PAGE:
Solidarity trade union Press Release 16/11/09
Durham Police are refusing to say whether it has used a leaked list of British National Party members to check if any of its employees belonged to that party.
Last November a national list of BNP supporters/members was circulated on the Internet. A man was convicted under the Data Protection Act for his involvement in this. He was a disgruntled former employee of that Party.
Following the leak and the national furore the Solidarity Trade Union was asked to represent a number of workers who were questioned on alleged membership, which in some professions is not currently permitted e.g. prison and police service.
Solidarity has now written to the local force asking them whether they had used the leaked list under the Freedom of Information Act.
Responding to the Union the Durham force said membership of the BNP would lead to any police officer or support staff employee facing disciplinary action.
Crucially however, it would not confirm or deny that the force had “processed any data relating to the leaked BNP membership list” or how any such decision was taken.
A spokesperson for the force said it, "can neither confirm nor deny it holds any information in relation to investigations it may have or have not conducted, which have not subsequently been placed in the public domain."
"At this time the potential harm to current and future investigations outweighs any public benefit in knowing if any additional information is, or is not held.“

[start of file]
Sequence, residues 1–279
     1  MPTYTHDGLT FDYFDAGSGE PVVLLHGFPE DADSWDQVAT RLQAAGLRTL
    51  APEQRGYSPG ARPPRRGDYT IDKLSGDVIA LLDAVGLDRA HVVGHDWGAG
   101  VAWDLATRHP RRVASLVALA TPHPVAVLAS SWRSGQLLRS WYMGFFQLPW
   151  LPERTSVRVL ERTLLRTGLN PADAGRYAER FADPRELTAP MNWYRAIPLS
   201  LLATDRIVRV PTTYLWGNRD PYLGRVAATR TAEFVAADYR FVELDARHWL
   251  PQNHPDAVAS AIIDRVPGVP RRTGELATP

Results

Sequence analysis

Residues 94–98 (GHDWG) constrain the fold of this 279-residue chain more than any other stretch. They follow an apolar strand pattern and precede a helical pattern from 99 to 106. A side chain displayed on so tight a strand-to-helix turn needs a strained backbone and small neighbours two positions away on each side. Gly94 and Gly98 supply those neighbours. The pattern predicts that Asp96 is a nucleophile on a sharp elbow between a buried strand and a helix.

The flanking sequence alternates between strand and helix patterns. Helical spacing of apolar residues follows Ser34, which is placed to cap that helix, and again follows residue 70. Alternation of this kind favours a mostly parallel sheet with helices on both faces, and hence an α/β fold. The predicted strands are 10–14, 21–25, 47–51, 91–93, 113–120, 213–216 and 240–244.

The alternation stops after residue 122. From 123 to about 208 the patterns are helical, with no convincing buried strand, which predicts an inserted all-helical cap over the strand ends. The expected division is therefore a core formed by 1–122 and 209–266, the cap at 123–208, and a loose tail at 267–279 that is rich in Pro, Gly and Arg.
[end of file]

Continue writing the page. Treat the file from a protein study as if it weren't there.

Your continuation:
That explanation, the force said, "should not be taken as an inference that Durham Constabulary does, or does not hold any further information in relation to your request."
“The police service would be legally entitled to process this sensitive data . . . the grounds for any decision would be that being a member of the BNP is incompatible with the role of a police officer/police staff and would be regarded as gross misconduct requiring formal action.”
Solidarity General Secretary Patrick Harrington said "I believe that the force has used an illegally obtained document. To refuse to even confirm or deny it by hiding behind a so-called Public Interest defence is disingenuous. To suggest that a truthful answer would 'compromise and hinder the prevention or detection of crime' is disturbing. Since when was it a crime to belong to a political party in the UK? We will be asking for a review of this decision."
The Solidarity trade union, which submitted the FOI application, has questioned forces across the country and received varying responses. The union believes that the ban on membership of the BNP and two other groups is not compatible with European law and is seeking to have it overturned.
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